But Bumiller never made eyes at Hughes until April 24, 2002, when Her Advisership expressed her disdain for Washington and announced an imminent departure from the city. You can almost hear the strings of admiration soar on the soundtrack as Bumiller writes of how the Hughes story illustrates the “painful truth about the difficulties women face in balancing family and work.” Bumiller writes that Hughes’ husband can’t find work here, that their 15-year-old son wants out of St. Albans—Washington’s ruling class prep school—and back to the normality of Texas public schools, and that the whole family is just “homesick” for Texas.

Bumiller’s treatment of Hughes’ Washington escape is stock stuff, but what’s unusual is how she’s continued to flatter the adviser with a series of stories. In the trade, such sweet-talking articles are known as “source greasers.”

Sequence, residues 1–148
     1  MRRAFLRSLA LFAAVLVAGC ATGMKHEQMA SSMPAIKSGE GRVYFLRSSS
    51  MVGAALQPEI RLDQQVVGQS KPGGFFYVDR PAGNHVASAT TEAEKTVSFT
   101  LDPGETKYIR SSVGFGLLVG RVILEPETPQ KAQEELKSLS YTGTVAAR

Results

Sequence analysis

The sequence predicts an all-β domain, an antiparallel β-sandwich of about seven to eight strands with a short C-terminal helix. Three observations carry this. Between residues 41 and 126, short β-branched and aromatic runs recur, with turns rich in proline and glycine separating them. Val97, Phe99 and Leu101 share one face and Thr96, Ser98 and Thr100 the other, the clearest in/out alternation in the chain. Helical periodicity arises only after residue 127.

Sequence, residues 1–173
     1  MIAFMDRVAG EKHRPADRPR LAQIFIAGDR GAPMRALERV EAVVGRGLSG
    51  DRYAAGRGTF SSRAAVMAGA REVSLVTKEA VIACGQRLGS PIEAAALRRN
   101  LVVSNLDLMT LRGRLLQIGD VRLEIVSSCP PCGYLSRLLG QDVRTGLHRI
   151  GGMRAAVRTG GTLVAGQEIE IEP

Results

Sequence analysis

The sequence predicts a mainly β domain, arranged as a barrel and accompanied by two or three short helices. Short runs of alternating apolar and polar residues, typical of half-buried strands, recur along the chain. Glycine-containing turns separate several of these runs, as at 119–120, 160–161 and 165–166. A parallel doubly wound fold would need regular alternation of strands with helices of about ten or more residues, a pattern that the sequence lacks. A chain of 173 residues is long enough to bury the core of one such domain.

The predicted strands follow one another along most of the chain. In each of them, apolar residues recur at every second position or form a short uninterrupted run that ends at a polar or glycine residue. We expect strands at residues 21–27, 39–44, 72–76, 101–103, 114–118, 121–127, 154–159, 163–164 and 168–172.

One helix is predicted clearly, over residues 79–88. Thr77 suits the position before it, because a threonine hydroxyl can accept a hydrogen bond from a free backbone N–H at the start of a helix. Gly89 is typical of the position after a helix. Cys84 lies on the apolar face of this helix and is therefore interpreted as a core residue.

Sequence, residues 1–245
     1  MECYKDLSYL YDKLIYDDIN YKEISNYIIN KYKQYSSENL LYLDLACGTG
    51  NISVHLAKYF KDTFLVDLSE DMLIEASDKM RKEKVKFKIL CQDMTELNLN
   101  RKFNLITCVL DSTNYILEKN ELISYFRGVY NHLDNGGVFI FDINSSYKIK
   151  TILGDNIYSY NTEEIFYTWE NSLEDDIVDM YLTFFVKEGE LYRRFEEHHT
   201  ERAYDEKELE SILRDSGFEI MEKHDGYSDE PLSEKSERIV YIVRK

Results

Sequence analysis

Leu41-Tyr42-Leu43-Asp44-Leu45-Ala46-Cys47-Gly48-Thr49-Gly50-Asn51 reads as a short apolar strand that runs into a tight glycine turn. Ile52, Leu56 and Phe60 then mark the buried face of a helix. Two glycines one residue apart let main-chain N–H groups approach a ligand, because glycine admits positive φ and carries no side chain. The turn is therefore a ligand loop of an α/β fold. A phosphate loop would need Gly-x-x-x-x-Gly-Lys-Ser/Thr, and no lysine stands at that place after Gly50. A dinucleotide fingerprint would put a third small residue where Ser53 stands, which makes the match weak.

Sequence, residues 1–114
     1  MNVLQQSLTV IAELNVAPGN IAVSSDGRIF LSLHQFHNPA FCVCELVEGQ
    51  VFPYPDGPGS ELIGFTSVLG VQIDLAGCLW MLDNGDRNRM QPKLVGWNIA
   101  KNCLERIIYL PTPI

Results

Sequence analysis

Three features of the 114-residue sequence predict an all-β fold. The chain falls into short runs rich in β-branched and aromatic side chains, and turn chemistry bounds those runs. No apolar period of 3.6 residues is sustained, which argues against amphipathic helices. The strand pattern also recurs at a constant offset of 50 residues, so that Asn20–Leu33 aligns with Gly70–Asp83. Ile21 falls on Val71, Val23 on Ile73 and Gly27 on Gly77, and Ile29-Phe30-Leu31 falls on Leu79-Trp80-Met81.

In every rendition, Bumiller records Hughes’ devotion to home, family, and normality in praiseful tones and reiterates how wise and powerful she is. In a July 15, 2002, article that chronicles Hughes’ departure by car for Texas, Bumiller all but predicts Bush adviser fratricide without the steady guidance of “the president’s alter-ego.” (The White House somehow survived.) Wouldn’t you know it that no sooner has Hughes driven 12 hours out of D.C. than Bumiller finds her already advising the president (under a Republican National Committee contract) via cell phone. For a Washington journalist, the only thing better than a Washington hater who leaves is one who leaves but never really goes away. Writes Bumiller: